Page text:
News Karnataka
Wednesday, November 30 2022

For the journalist behind the viral photo, the scoop of a Lifetime

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New Delhi: It was his decision to take a tea break that landed Ashutosh Tripathi the biggest story of his life. It was while he was sipping tea near the Lucknow General Post Office around noon on Saturday that a cop decided to flex his muscles and clear a lane. Tripathi captured the images despite the cop threatening him.

When the photos got published in Dainik Bhaskar the next day, and after he posted them on Facebook, the images of a 65-year-old man pleading with a cop with folded hands to not destroy an old typewriter, his livelihood, shook Uttar Pradesh and became a viral story.

“I can’t believe it. It is like a dream,” 27-year-old Tripathi told HuffPost India in a phone conversation on Monday. “My photos sparked a movement. This is the best thing about being a journalist.” Tripathi’s images of sub-inspector Pradeep Kumar smashing the typewriter of a Kishna Kumar, an elderly Hindi typist in Lucknow, have come to stand against police brutality.

The storm of rebuke which followed forced Uttar Pradesh Chief Minister Akhilesh Yadav to suspend the cop for his appalling behaviour, and gift a new typewriter to Kishan, who, for the past 35 years, has sat outside the iconic building of the General Post Office near Hazratganj market, typing in Hindi.

On regular days, Kumar earns around Rs50 a day. On Saturday, Tripathi said that Kumar had earned only around Rs20, when the cop came around smashing shops near the GPO.

“This is the biggest story of my life. People underestimate the power of the media, but it is powerful,” he said. “I never imagined that my photos would become so big, but I have to thank social media for how far these photos reached,” Tripathi said.

Recalling how the incident unfolded on Saturday, Tripathi said that it was “fate” that he happened to be drinking tea close to where Kishan worked.

One version of the story is that Kumar was clearing the road for a VIP to pass, but shopkeepers told Tripathi that he was angry about not getting his share of bribes. Like many of his readers, the sight of elderly Kishan begging the cop to spare his typewriter is seared in the journalist’s mind. “I couldn’t believe it. It was horrible,” he said.

The cop, Tripathi said, told him to delete the pictures. “When I refused, he said, ‘don’t tell me how to do my job. You won’t be able to do anything. Why don’t you take a good photo with my name plate showing,'” the journalist said.

Tripathi was also moved by his conversation with Kishan after the incident. “He told that he has seen so many changes during his time, but now it seems that ‘nobody has any respect left for Hindi so he will have to change.'”

Proud Parents

Tripathi’s family is from Kunda district of Uttar Pradesh. Now, they are settled in Lucknow. The journalist has two brothers and he is the only member of his family who isn’t a government employee.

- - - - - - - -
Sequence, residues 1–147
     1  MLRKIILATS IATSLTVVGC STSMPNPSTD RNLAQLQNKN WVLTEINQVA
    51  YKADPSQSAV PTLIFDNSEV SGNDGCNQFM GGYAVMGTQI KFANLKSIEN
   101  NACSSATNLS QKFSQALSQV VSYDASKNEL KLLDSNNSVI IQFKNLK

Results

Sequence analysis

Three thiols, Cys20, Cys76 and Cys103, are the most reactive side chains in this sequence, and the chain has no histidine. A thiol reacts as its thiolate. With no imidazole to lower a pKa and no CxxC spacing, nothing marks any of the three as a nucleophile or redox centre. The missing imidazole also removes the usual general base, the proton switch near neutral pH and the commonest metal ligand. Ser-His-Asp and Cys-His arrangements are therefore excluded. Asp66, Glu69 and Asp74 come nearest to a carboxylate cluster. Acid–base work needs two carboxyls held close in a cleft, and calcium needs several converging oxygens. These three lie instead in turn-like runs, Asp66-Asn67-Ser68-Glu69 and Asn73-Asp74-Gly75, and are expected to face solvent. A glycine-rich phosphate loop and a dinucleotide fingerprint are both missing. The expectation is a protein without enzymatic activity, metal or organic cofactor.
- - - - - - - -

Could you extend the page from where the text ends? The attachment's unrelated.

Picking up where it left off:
While his profession was always regarded a bit unconventional, his parents are absolutely thrilled by the impact his story has made. “They are happy about the story. They are truly appreciative.”

Meanwhile, Tripathi has been inundated with “Friend Requests” on Facebook. When HuffPost tried to reach him over the social media platform, the request didn’t go through. “My phone won’t stop ringing. The battery discharges every two hours,” he said.

Tripathi graduated in journalism from Amity College in Lucknow in 2011. He then worked at Voice of Movement (a Lucknow e-paper) and Navbharat Times before joining Dainik Bhaskar.

The Elderly Typist

On Tuesday, U.P. Chief Minister Akhilesh Yadav also announced that Kishan would receive Rs1 lakh as compensation.

Speaking to HuffPost India, Kishan said that he welcomed the government’s attention to his case, and the public condemnation of the cop, who mistreated him, but he spoke with distress about the countless cases of police bullying and bribery which were not documented.

“The media has been surrounding me for the past three days. I don’t have much to say except that such cases are too many and have been going on for very long,” he said. “I hope that my case reminds people of that.”

In a horrifying incident last year, two constables thrashed a mentally challenged man in Muzaffarnagar. Last month, cops thrashed women from Rampur village Deoria district, who, Shakir Ali, a lawmaker from the ruling Samajwadi Party, said had torched the local police station after a road accident. “Should the police kiss the women instead of punishing them for the crime committed by them?,” he said.

Tripathi echoed similar sentiments as Kishan over police brutality in Uttar Pradesh, but reinvigorated by his recent work, the journalist intends to soldier on. “There is a long road ahead, but this has inspired me to keep going,” he said.

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